Ethereum’s transition to proof-of-stake

Moving from proof-of-work to a proof-of-stake consensus mechanism has been part of Ethereum’s plans for its Ethereum 2.0 version.  The main goal of this upgrade is to increase throughput of Ethereum transactions. The way to achieve this is to create 64 parallel blockchains which then share a common master blockchain (also known as the Beacon chain). The Beacon chain will operate in the proof-of-stake mechanism to achieve consensus in all the underlying blockchains. This architecture is referred to as “sharding”. Anyone trying to deliberately tamper with any constituent chain would need to tamper with the common blockchain. This malicious tampering would cause the hacker to loose their stake, potentially costing them more than what they could actually gain from the fraud.

The Ethereum 2.0 version is intended to be launched in three different phases or increments.

Phase 0 was launched on December 1st, 2020, and featured the newly created Beacon Chain. As we already mentioned, this chain is intended to act as the central coordinator and consensus hub for Ethereum 2.0.

Phase 1 is intended to merge the Beacon chain with the existing Ethereum network. This is planned to take place in the third quarter of 2022. In this phase, the current proof-of-work consensus mechanism would be switched to the proof-of-stake one.

An arrow representing Ethereum's transitioning to proof-of-stake
Ethereum is fully transitioning to a proof-of-stake consensus mechanism with Eyhereum 2.0

Finally, phase 2 is planned to be released in 2023. It will introduce “sharding” to Ethereum, by spreading the load of the network across 64 new chains which will then be coordinated by the main Beacon chain.

A word on the proof-of-stake consensus mechanism

Proof-of-stake is a type of consensus mechanism where a participant stakes a specific amount of its own cryptocurrency in order to participate in the process of creating new blocks and validating existing ones. 

Validators are then selected at random for creating blocks, and they are also responsible for validating blocks they don’t create. Their ETH stake is utilized in incentivising and motivating reliable behavior. Validators lose a part of their stake if they fail to validate blocks (by going offline, for example), or even all of it if they perform malicious fraud.

There are several benefits to the proof-of-stake consensus mechanism. First and foremost, the proof-of-stake mechanism comes with improved energy efficiency, as less energy is needed to mine blocks when compared to the existing proof-of-work consensus mechanism.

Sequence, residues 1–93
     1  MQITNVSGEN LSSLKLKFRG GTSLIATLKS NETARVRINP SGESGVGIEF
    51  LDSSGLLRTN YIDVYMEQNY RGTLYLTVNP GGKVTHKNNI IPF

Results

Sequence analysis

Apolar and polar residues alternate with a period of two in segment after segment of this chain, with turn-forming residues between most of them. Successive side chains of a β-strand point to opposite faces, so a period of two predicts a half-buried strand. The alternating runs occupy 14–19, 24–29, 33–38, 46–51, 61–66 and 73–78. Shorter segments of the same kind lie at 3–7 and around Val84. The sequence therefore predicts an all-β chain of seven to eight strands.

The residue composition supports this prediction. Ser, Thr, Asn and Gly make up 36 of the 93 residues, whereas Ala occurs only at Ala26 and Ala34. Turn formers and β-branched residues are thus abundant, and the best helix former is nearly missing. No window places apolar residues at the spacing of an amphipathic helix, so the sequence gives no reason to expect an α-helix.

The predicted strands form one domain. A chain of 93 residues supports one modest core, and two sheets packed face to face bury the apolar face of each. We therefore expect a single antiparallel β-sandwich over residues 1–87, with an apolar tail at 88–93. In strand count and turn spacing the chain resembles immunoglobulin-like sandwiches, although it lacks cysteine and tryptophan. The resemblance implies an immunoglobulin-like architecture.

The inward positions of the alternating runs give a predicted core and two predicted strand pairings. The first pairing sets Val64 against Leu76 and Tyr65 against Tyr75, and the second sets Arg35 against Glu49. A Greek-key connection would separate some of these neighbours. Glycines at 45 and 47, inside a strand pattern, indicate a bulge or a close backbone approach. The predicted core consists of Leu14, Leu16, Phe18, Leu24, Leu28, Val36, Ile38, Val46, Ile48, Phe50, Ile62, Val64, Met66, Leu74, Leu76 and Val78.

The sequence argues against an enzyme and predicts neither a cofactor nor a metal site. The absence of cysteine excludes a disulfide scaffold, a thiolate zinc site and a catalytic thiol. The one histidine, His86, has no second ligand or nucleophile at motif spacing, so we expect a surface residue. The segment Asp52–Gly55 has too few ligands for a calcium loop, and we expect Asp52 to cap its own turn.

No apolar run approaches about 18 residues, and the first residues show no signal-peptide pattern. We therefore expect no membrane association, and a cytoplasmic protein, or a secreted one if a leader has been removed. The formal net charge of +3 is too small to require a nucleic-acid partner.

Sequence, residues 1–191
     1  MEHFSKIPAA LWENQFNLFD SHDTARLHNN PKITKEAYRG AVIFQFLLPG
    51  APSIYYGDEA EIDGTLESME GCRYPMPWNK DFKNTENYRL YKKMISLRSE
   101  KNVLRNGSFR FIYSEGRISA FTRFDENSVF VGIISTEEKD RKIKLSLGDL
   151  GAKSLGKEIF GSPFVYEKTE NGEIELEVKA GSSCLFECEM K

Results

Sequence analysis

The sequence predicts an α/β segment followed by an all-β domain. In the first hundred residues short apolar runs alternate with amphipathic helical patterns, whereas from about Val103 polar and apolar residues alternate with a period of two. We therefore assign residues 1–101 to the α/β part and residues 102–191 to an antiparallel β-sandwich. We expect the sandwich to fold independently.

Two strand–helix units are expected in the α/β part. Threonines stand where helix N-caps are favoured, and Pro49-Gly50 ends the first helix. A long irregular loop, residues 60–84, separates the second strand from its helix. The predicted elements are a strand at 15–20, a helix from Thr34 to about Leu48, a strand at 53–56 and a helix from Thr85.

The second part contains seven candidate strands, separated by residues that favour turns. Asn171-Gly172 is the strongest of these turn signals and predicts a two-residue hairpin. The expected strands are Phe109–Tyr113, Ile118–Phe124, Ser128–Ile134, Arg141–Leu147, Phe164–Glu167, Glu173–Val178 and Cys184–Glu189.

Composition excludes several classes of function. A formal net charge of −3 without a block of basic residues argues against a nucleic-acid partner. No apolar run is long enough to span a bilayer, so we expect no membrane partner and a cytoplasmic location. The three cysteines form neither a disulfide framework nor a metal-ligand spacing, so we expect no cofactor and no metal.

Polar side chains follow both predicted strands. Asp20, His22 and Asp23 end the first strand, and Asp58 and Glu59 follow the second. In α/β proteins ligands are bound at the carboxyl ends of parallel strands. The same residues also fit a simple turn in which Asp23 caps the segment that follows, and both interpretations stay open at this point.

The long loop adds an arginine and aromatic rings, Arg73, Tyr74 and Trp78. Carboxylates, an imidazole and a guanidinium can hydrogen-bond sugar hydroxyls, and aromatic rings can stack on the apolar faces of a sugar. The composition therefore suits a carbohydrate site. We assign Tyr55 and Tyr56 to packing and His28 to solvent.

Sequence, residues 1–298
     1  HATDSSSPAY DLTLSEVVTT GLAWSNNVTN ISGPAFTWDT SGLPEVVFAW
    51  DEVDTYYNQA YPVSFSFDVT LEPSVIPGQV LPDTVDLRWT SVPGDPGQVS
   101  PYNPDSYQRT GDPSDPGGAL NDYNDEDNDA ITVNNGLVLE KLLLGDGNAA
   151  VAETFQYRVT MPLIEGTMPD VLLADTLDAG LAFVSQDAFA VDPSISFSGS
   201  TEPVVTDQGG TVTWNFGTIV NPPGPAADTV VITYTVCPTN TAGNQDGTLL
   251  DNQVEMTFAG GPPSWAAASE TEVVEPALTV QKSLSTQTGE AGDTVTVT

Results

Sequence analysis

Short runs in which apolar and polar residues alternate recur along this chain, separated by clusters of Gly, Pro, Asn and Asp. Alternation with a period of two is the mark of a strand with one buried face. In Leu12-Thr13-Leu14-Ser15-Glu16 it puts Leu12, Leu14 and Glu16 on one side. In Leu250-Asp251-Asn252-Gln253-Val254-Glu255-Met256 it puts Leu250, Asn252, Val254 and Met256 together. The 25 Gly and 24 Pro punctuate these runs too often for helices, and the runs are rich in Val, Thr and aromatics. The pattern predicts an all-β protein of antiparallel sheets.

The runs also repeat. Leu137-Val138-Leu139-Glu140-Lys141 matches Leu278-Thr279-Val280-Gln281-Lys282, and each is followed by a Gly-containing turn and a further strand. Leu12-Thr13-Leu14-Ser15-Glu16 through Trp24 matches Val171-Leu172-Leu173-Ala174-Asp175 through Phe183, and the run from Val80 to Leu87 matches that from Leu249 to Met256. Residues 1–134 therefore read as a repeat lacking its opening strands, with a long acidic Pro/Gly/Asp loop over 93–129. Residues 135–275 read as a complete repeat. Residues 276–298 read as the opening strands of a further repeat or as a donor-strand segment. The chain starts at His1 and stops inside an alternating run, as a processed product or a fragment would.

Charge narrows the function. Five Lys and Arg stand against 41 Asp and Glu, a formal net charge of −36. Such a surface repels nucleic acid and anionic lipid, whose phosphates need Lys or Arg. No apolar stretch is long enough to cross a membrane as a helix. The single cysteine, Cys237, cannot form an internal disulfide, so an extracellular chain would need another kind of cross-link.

Secondly, the barrier to entry is reduced, as a participant doesn’t have to invest a lot in powerful and expensive hardware in order to create new blocks and thus earn the rewards. Consequently, with the lowered barrier to entry, proof-of-stake is expected to contribute to more nodes in the network. This in turn would further reduce the risk of centralisation. 

There are also some disadvantages to this consensus mechanism. The most important one is that proof-of-stake is still a rather novel mechanism still in its infancy, as opposed to proof-of-work which is already an established consensus mechanism that has stood the test of time. Additionally, some critics point out that in a proof-of-stake model, participants who own large amounts of Ether would be in greater advantage to be selected as validators. Some even go as far as pointing out that the whole network could be more easily hacked. If a group of participants could come to own the majority, or 51% of the whole Ether at stake, they would then be able to validate blocks that have been previously changed to their benefit. However, for someone that owns such a large amount of the cryptocurrency, tampering with the blockchain would make no financial sense, as it would render it unreliable and thus their Ether would eventually lose its value. 

Ethereum at a glance:
Cryptocurrency ticker:ETH
Creation date:2015
Creator:Vitalik Buterin
Consensus mechanism:Proof-of-Work, planning to transition to Proof-of-Stake
Current price:See live prices here
Maximum Supply:Not limited
Hash algorithm used:KECCAK-256

Ethereum wallets

An Ethereum wallet is used in connection with an Ethereum account, so let’s have a look at that as well. An Ethereum account is not like a bank account for which you would need a bank to open it for you. Ethereum accounts are created by a user, and a user can create more than one account for himself at any time. An Ethereum account is just a long random number, and the probability that two users generate the same account number is very very low. While bank accounts are typically used only for conducting payments, Ethereum accounts can additionally be used to access Ethereum applications, apart from being used for payments.